In addition to switching to solar, the project will include a battery storage system, which is expected to offset peaks in demand. The battery will also be used to charge electric vehicles, and will eventually be made available for other community members to use. Similar projects are underway on Kangaroo Island and King Island, which are also looking to make the transition to renewable energy.

Kangaroo Island

Just as Australia’s first hardy settlers faced a choice when they arrived on Kangaroo Island in 1836, the current community is now facing a similar dilemma when it comes to powering their homes. The question is whether to spend millions upgrading and replacing aging undersea cables connecting them to the mainland, or invest in new technologies that offer independence, greater security of supply, local jobs and clean energy.

A study by University of Technology Sydney, supported by ARENA, shows it is possible for Kangaroo Island to produce its own renewable energy and become fully off grid. It is also possible to do so at the same cost as a cable replacement. But SAPN, the island’s electricity network provider, is unlikely to take up the option unless significant third-party leadership, such as from the SA government and the Kangaroo Island Council, steps in to reduce barriers that stop networks from investing in innovative non-network solutions.

Located a short ferry ride from Adelaide, Kangaroo Island is a secluded paradise with spectacular scenery, wildlife and pristine beaches. Whether you’re strolling the winding streets of Penneshaw or Parndana, spotting sea lions in the ocean, koalas in a eucalyptus tree or exploring rocky coastlines, this beautiful island has something for everyone.

Visitors can also visit one of Australia’s first boutique distilleries, where a range of handcrafted gin and vodkas are infused with fresh, locally grown botanicals. Or sample some of the region’s finest produce from cellar doors dotted throughout the island.

But for many, the biggest attraction of Kangaroo Island is its natural environment. Over 40 percent of the island is a combination of National Parks, Conservation Parks and Wilderness Protection Areas. During the autumn months, it is possible to spot rare species such as Rosenberg’s goanna and tiger snakes. With its natural beauty, thriving agriculture, pristine beaches and gourmet food, Kangaroo Island is one of the country’s supreme scenic spots. It’s an ideal spot for anyone looking to relax, unwind and soak up the views with a loved one or a group of friends.

King Island

The beautiful and remote King Island is located off the northern Tasmanian coast and lies halfway between Melbourne and Hobart. It is the largest of the New Year group of islands in Bass Strait and is home to a number of heritage-listed buildings.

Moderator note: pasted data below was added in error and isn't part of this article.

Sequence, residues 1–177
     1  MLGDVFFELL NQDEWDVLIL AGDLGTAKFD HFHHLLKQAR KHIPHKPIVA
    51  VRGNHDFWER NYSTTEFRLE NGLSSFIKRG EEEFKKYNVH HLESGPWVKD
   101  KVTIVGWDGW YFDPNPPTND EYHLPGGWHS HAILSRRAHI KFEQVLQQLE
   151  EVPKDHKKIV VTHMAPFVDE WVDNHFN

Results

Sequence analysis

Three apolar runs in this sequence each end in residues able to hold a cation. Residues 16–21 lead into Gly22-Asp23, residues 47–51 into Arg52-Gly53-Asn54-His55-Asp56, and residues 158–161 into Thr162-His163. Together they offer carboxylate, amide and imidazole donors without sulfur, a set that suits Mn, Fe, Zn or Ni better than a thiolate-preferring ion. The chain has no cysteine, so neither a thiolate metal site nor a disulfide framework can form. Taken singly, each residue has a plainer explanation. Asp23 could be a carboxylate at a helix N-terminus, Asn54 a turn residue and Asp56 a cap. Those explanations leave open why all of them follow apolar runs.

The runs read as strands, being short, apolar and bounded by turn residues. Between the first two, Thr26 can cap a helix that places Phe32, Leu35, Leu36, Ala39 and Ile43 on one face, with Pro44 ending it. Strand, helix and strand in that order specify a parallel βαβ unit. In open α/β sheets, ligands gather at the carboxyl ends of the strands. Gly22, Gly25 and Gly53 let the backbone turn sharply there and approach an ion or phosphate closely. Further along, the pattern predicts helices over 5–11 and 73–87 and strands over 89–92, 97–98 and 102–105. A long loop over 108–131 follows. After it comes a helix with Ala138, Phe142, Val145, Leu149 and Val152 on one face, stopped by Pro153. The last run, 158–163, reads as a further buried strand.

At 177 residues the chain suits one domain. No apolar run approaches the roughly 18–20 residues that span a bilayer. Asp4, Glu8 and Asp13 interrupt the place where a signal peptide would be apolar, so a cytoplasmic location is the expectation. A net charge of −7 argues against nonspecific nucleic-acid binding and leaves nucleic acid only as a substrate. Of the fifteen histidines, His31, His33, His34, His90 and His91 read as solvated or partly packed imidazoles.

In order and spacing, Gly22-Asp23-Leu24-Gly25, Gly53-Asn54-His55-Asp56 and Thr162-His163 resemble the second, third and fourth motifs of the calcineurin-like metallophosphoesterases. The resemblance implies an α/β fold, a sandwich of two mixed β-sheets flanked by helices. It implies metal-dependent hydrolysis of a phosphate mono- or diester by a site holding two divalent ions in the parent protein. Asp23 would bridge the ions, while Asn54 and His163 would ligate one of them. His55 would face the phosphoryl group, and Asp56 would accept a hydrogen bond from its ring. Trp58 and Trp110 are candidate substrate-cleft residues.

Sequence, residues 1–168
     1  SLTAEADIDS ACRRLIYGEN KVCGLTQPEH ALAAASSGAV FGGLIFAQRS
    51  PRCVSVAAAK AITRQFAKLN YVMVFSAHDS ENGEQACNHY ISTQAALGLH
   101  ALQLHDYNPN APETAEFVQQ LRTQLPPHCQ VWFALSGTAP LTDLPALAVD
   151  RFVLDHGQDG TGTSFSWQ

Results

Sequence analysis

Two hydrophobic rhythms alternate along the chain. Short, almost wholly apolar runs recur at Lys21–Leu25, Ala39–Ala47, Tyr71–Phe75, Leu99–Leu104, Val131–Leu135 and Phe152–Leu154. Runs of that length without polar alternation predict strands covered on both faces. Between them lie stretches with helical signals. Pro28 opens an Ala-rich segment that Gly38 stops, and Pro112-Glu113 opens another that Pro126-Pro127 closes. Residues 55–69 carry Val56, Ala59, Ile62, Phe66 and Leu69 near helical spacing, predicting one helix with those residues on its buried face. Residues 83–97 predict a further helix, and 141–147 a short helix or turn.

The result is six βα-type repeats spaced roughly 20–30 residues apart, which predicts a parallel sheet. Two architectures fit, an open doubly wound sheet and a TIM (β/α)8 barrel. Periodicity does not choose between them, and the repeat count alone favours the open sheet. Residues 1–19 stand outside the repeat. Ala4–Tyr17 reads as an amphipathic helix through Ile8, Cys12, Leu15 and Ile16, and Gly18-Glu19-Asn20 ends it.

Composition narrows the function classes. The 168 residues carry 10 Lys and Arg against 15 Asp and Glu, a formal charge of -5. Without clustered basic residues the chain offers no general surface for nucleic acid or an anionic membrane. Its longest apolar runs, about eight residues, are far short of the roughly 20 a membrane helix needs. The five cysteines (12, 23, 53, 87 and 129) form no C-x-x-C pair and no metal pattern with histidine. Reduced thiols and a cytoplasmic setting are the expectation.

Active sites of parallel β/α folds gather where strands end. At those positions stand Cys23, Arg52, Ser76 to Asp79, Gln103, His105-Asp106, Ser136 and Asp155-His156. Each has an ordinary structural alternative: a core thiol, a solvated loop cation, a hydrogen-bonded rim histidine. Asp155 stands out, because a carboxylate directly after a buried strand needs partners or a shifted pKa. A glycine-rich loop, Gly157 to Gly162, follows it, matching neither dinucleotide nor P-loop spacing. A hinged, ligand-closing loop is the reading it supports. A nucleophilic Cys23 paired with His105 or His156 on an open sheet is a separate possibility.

The island is famous for its fresh produce and seafood. Visitors can enjoy the local delicacies at restaurants in Grassy, Currie and Naracoopa. The island also has a rich maritime history, with the King Island Maritime Trail Shipwrecks and Safe Havens telling stories of heart-breaking disasters and heroic rescues in Bass Strait.

Renewable energy is an increasingly important resource for remote areas like King Island. It offers a clean and sustainable alternative to non-renewable fossil fuels and can be used in electricity generation, space heating and cooling, transportation, and many other applications. It is a key enabler of achieving global climate change mitigation goals and can help to reduce energy costs for households and businesses.

There are a number of different renewable energy sources that can be used to generate electricity, including wind power, solar power, hydroelectric (including tidal) energy, and bioenergy (organic matter burned as a fuel). Each has its own advantages and disadvantages. For example, wind and solar energy require essentially no water to operate, but coal mining can pollute drinking water sources, and thermal power plants withdraw and consume water for cooling.

However, some renewable energy technologies are less sustainable than others. For example, large hydroelectric dams can divert and restrict natural flows of water, which can harm wildlife and impact the quality of drinking water in downstream communities. On the other hand, biomass, which is derived from organic matter such as crops and waste wood, can be a sustainable source of energy when harvested responsibly.

Renewable energy is growing rapidly, driven by strong policy support and sharp cost reductions for technologies such as solar photovoltaics and wind power. The rapid expansion of renewable energy is enabling the transition to a low carbon economy and helping to keep average global temperatures below 1.5°C above pre-industrial levels.